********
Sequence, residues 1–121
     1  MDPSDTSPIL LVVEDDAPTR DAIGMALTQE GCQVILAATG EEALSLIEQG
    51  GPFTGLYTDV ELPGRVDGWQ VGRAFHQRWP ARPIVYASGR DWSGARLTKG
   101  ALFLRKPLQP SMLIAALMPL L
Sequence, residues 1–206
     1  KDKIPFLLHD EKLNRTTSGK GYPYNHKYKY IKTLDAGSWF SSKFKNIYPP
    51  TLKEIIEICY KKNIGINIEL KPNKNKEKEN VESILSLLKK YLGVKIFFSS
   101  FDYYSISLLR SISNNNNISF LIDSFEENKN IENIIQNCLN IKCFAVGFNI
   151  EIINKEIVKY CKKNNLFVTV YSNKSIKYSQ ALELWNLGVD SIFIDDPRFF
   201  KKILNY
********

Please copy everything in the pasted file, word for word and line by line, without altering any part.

Sequence, residues 1–121
     1  MDPSDTSPIL LVVEDDAPTR DAIGMALTQE GCQVILAATG EEALSLIEQG
    51  GPFTGLYTDV ELPGRVDGWQ VGRAFHQRWP ARPIVYASGR DWSGARLTKG
   101  ALFLRKPLQP SMLIAALMPL L
Sequence, residues 1–206
     1  KDKIPFLLHD EKLNRTTSGK GYPYNHKYKY IKTLDAGSWF SSKFKNIYPP
    51  TLKEIIEICY KKNIGINIEL KPNKNKEKEN VESILSLLKK YLGVKIFFSS
   101  FDYYSISLLR SISNNNNISF LIDSFEENKN IENIIQNCLN IKCFAVGFNI
   151  EIINKEIVKY CKKNNLFVTV YSNKSIKYSQ ALELWNLGVD SIFIDDPRFF
   201  KKILNY